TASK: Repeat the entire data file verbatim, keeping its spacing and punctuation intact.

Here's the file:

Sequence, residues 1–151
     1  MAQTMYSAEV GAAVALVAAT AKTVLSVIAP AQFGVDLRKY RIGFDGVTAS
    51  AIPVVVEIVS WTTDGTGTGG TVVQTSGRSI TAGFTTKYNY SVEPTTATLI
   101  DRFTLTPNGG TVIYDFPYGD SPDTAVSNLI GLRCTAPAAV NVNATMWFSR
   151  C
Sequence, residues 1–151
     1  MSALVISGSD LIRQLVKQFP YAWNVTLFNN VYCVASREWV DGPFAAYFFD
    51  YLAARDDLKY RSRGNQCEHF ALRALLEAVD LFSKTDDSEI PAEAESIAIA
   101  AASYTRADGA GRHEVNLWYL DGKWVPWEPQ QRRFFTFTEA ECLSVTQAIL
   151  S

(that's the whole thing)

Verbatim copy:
Sequence, residues 1–151
     1  MAQTMYSAEV GAAVALVAAT AKTVLSVIAP AQFGVDLRKY RIGFDGVTAS
    51  AIPVVVEIVS WTTDGTGTGG TVVQTSGRSI TAGFTTKYNY SVEPTTATLI
   101  DRFTLTPNGG TVIYDFPYGD SPDTAVSNLI GLRCTAPAAV NVNATMWFSR
   151  C
Sequence, residues 1–151
     1  MSALVISGSD LIRQLVKQFP YAWNVTLFNN VYCVASREWV DGPFAAYFFD
    51  YLAARDDLKY RSRGNQCEHF ALRALLEAVD LFSKTDDSEI PAEAESIAIA
   101  AASYTRADGA GRHEVNLWYL DGKWVPWEPQ QRRFFTFTEA ECLSVTQAIL
   151  S